Eminent journalists on CBC dilemma

With the CBC’s stubborn refusal to deal with or disclose the conflict of interest faced by its BC Legislative Bureau Chief, Alex Tsakumis and I took the issue to our readers. We did the task that should have been handled long before by Stephen Smart’s press gallery colleagues or, failing that, by the rest of the corporate media.

Our reporting led to formal complaints filed with the CBC Ombudsman. Kirk LaPointe proceeded with Merv Adey’s well argued presentation, one that dealt fairly with principles and avoided arguments based on tastes or personalities. This was a smart choice since citizen Adey has no axe to grind, no publication to promote or scores to settle.

The CBC Ombudsman, a man with irrefutable qualifications and long media experience predictably agreed that Stephen Smart’s situation was untenable. The public broadcaster’s local management refused to admit mistake and, defying the Ombudsman, they stood on crumbling ground. Still do. What followed has been a scandalous display of obtuse reasoning and commentary from Good, Leslie, Palmer, Baldrey, Mickleburgh and other Stephen Smart colleagues. From the rest, media lights like Gary Mason, Justine Hunter, Michael Smyth, Les Leyne and Rob Shaw, there has been only the silence of cowards.

This week, two of British Columbia’s most eminent veterans of journalism, Mike Cleaver and Harvey Oberfeld, weighed in on the issue. Read Harvey’s The CBC’s Dumb Saga of Mr. Smart. Mike Cleaver provides the first reader comment.

Another illustrious media expert commented on the CBC situation this week. Recipient of the Bruce Hutchison Lifetime Achievement Award in 2007, Jim Harrison speaks with unusual expertise.
This is from the Jack Webster Foundation:

An extraordinary BC broadcaster is the 2007 recipient of the Jack Webster Foundation’s Bruce Hutchison Lifetime Achievement Award.

Jim Harrison has defined news radio in Kamloops for more than three decades, where he has been CHNL’s News Director since 1975. And his reporting has in turn helped to define Kamloops itself to people all across Canada.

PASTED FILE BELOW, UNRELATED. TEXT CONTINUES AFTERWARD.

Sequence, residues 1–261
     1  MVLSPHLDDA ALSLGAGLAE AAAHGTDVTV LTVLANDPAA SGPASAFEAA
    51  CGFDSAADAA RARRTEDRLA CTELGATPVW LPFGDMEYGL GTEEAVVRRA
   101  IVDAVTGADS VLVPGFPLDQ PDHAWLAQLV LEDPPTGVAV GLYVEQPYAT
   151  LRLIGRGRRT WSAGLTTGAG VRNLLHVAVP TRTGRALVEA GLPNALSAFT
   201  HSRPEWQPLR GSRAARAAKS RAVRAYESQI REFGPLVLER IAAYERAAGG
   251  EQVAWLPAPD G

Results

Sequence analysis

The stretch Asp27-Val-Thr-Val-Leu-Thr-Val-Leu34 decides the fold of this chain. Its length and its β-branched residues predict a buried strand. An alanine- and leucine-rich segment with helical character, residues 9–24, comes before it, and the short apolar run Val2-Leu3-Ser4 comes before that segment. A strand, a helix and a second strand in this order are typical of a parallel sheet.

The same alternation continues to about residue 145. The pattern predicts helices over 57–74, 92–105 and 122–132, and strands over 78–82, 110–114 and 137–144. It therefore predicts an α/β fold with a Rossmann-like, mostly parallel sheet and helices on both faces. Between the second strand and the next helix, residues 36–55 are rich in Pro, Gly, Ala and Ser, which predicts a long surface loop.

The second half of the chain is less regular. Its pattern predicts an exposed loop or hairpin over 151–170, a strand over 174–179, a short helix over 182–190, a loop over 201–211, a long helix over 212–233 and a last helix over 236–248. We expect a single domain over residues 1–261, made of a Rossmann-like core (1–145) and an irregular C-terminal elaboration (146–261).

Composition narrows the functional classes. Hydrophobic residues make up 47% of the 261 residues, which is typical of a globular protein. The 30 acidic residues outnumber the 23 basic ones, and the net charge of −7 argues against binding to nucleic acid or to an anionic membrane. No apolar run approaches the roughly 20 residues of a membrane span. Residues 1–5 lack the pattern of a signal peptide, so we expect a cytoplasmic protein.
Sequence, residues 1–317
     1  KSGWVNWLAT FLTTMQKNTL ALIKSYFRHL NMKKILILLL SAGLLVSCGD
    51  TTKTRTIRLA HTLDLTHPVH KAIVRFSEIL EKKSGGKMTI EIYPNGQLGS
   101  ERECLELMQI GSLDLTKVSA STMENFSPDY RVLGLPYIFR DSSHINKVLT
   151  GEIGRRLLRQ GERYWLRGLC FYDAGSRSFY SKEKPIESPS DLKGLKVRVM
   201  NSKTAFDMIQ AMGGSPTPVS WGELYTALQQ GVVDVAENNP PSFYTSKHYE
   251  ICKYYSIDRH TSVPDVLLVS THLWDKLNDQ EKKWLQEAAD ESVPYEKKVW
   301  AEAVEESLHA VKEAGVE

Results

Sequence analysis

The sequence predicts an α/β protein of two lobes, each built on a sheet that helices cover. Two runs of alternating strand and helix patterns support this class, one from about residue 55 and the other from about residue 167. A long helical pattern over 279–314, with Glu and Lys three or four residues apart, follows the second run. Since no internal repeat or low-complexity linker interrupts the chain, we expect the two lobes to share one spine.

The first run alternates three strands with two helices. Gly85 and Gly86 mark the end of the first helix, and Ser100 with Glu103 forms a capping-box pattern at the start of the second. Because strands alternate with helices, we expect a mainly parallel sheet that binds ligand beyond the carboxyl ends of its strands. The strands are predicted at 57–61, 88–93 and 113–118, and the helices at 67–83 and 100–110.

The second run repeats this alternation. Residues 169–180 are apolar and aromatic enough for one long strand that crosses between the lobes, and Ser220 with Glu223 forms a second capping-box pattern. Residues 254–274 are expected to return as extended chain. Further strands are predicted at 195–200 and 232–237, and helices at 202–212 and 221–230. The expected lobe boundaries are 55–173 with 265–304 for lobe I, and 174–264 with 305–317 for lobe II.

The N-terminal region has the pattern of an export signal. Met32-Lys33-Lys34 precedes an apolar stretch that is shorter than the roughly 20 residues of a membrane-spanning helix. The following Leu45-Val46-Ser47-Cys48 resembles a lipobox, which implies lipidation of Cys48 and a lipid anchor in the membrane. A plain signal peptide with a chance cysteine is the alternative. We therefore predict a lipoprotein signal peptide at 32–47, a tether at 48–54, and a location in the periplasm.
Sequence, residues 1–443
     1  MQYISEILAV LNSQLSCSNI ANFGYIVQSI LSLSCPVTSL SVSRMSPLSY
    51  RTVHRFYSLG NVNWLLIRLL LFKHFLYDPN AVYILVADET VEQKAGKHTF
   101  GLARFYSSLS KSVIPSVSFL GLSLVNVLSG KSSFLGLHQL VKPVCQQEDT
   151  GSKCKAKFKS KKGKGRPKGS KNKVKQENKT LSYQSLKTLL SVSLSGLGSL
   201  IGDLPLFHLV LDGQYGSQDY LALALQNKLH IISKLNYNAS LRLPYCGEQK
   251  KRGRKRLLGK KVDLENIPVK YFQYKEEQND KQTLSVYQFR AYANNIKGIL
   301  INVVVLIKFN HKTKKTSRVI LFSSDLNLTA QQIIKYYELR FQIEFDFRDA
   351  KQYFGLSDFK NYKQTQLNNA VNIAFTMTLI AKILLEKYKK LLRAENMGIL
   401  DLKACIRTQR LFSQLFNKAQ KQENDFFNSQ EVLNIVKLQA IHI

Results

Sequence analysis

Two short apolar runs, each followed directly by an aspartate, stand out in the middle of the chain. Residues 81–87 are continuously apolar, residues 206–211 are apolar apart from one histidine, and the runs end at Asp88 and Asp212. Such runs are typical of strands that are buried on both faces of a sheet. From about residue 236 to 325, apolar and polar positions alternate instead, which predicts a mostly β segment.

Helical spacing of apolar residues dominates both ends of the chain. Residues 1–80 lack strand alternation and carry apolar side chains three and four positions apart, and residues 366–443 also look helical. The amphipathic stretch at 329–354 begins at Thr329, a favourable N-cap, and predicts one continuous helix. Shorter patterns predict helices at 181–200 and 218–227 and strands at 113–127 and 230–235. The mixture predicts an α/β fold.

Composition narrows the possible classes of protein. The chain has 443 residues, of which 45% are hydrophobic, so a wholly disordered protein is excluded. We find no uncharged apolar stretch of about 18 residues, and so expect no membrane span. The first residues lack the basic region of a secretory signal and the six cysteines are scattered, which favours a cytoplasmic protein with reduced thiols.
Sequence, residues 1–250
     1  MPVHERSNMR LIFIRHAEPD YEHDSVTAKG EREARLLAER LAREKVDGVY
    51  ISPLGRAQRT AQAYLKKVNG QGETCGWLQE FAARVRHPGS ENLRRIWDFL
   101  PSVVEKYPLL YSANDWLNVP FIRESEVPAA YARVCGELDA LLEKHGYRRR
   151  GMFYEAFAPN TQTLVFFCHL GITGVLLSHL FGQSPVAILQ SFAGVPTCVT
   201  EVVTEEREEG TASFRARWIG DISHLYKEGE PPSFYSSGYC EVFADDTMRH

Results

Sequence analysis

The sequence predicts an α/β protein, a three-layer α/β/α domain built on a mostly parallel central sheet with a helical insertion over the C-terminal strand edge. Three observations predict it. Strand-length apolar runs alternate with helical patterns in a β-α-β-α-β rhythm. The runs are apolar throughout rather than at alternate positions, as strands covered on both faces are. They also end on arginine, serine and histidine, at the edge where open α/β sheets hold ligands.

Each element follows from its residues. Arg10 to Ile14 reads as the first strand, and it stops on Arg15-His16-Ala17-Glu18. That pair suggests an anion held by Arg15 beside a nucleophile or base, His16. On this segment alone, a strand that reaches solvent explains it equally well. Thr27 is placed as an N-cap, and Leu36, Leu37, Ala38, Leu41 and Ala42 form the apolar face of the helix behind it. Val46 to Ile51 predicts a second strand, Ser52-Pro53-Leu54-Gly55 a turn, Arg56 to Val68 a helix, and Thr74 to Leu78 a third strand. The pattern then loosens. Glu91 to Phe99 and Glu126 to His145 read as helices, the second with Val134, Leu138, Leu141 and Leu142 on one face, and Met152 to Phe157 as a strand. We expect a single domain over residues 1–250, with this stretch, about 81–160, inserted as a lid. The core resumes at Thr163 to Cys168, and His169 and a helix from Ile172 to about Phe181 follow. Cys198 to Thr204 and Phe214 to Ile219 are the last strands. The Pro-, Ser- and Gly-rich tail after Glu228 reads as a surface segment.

…George Garrett, retired CKNW reporter and himself a Bruce Hutchison recipient, says Harrison’s great strength is the “credibility he’s earned with every newsmaker he’s covered, from politicians to labour leaders and community activists. He earns people’s trust, and that’s why he’s got their home phone numbers.

Soon, Stephen Smart will be shifted to other duties because the CBC cannot survive by offending fundamental rules of news presentation. Hundreds of journalists are tainted by this regional anomaly; it cannot continue. However, British Columbians will be left with this sad group of practitioners, especially the Corus/Global/Shaw and Postmedia wretches, who are so focused on serving their pals, they care little about the interests of news consumers.

While searching the web, looking for comments by hallowed members of the Victoria Press Gallery about the CBC conflict, I came across an item from June, 2011: The Media Are The Messengers.

I must admit, since I read everything by blogger RossK, he must have planted the seed in my mind those many months ago. I’m not sure exactly when AGT got on the subject but I’m going to cede a greater share of credit to The Gazetteer for exposing the broadcaster’s folly. Hats off to Ian Reid as well. He wrote about the subject last summer at The Real Story.

Categories: CBC, Journalism

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5 replies »

  1. Another old hand, Mike Cleaver, commenting at Harvey O's place said the following:

    “…But this brings up the topic of other members of the media who have spouses or partners who also are receiving money from the provincial government.

    Several are said to be in this category as well. Ethics used to be a prime concern in the coverage of news, just as digging for new and exclusive stories…”

    Sure would be interesting to hear some specifics in that regard, I reckon.



  2. Norm–

    Agreed about Mr. McLeod's piece which was out the very same afternoon that the Ombudsman's report was released if I recall correctly.

    And for the record, and giving credit where credit is due, I'm pretty sure AGT was onto this thing quite a bit before me for all kinds of reasons, including the fact that he is much more plugged into the Lotuslandian media zeitgeist than I ever will be.



  3. Also: in the past, my blog has had some memorable squabbles with Kirk LaPointe who, in his embedded life at Vancouver Sun, was stubbornly in favour of whatever Vancouver Sun said or did. You can search my blog THE LEGISLATURE RAIDS for his angry and dismissive periodic eruptions.

    I was truly astonished — and pleased — to see Kirk's response to the Smart-Scott issue. Just sayin, if he has taken on some ethics himself, he's a guy who might be helpful in the broader sense of challenging unethical journalists.


  4. Another possibility Mary is that his work for the Vancouver Sun reflected exactly what the management of the newspaper demanded. Perhaps he was uncomfortable with his role and went elsewhere for employment. LaPointe's current position is structured specifically to give him freedom to say what he thinks. That would not have been the case when he worked for the Sun. BTW, left not long after the formation of Postmedia.


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